The deposition of anti-dsDNA antibodies in the glomerulus is believed to play a critical role in the pathogenesis of nephritis in SLE. However, an absolute correlation between serum levels of anti-dsDNA antibodies and renal disease has not been found. Recently a glomerular binding assay (GBA) has been developed to detect IgG binding to isolated rat glomeruli. We have used the GBA to study sera from four groups of SLE patients: (A) + anti-dsDNA antibodies, active nephritis; (B) - anti-dsDNA antibodies, active nephritis; (C) + anti-dsDNA antibodies, no nephritis; and (D) - anti-dsDNA antibodies, no nephritis. The serum anti-dsDNA antibodies in group A and group C patients could not be distinguished on the basis of isotype, charge, or cross-reactivity with histones. Nevertheless, the mean intensity of glomerular immunofluorescence was significantly higher in group A than in the three other patient groups and distinguished between patients with serum anti-dsDNA antibodies who had nephritis and those without clinically apparent nephritis. GBA reactivity was unaffected by DNase treatment of sera, but was partially inhibited by preincubation with dsDNA. These findings are consistent with the hypothesis that some anti-dsDNA antibodies cross-react with glomerular components and that the presence of this cross-reactivity is associated with, and may be responsible for, the development of nephritis. In addition, we have identified a group of SLE patients with renal disease and typical renal histopathology and immune deposits who do not have serum anti-dsDNA antibodies or antibodies that directly bind to glomeruli in the GBA. The mechanism of renal immune deposition in these patients remains to be determined.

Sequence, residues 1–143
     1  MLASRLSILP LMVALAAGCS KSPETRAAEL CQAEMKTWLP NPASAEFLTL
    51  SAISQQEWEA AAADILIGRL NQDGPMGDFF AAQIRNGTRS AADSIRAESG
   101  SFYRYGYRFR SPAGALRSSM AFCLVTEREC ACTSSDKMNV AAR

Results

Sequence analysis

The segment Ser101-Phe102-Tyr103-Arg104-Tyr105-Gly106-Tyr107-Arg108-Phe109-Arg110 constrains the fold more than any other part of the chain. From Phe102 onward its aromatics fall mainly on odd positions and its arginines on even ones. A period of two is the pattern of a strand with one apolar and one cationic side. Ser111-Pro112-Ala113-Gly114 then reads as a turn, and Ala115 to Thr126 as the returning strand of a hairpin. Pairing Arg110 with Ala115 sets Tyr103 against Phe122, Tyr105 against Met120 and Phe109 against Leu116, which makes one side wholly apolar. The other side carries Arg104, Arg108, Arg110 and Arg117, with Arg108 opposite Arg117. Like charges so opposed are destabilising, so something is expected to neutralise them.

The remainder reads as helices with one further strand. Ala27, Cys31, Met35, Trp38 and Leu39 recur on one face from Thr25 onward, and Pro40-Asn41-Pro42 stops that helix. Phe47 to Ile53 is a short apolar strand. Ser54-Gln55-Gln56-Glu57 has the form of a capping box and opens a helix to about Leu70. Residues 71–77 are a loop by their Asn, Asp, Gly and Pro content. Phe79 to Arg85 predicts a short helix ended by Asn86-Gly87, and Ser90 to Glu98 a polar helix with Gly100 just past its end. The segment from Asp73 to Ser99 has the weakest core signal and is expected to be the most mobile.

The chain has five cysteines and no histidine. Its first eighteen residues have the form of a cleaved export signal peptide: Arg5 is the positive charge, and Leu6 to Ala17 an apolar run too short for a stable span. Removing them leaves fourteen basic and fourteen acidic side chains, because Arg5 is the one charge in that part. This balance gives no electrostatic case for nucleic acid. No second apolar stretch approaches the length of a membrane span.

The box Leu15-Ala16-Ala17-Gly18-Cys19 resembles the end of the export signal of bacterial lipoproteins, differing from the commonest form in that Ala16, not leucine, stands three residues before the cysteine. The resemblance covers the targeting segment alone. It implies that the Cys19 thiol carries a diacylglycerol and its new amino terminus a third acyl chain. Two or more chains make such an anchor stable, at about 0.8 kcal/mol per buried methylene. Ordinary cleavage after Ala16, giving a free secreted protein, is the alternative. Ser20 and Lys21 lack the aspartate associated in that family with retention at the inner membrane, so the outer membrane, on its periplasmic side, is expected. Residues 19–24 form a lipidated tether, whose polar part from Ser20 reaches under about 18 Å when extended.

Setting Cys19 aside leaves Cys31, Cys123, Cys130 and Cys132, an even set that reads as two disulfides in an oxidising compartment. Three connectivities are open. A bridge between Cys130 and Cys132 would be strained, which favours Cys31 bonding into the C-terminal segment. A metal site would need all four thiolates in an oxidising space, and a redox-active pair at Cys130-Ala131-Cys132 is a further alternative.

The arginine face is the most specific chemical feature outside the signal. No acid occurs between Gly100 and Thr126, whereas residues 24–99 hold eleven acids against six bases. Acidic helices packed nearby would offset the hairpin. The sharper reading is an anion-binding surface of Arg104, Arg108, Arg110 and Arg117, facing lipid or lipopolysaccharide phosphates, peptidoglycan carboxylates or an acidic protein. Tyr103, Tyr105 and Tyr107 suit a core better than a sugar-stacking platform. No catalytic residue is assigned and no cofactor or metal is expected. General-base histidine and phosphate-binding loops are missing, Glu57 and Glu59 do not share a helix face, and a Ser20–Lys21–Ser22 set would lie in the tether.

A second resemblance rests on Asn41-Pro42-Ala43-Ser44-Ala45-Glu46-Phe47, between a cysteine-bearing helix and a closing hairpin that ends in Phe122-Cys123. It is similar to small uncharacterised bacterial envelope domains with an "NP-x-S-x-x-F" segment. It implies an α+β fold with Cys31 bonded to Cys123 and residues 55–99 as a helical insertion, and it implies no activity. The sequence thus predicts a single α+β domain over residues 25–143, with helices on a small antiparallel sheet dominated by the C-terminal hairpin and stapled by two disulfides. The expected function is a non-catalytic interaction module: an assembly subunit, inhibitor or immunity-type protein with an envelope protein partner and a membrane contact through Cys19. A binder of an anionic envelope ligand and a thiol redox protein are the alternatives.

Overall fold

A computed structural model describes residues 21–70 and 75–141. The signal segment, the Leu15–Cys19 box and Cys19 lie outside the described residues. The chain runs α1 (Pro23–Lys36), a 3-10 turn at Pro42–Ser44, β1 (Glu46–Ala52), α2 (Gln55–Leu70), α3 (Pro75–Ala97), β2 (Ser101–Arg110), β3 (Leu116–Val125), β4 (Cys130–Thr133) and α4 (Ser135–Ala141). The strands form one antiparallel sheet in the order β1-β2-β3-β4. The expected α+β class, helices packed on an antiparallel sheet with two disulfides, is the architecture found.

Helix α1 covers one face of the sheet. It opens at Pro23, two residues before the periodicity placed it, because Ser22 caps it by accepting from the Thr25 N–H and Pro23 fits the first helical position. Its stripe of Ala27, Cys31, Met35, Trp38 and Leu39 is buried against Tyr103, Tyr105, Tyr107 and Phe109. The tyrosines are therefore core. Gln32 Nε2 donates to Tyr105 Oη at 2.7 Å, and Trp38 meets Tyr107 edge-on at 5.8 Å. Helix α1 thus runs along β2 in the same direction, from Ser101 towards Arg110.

L Budhai, K Oh, A Davidson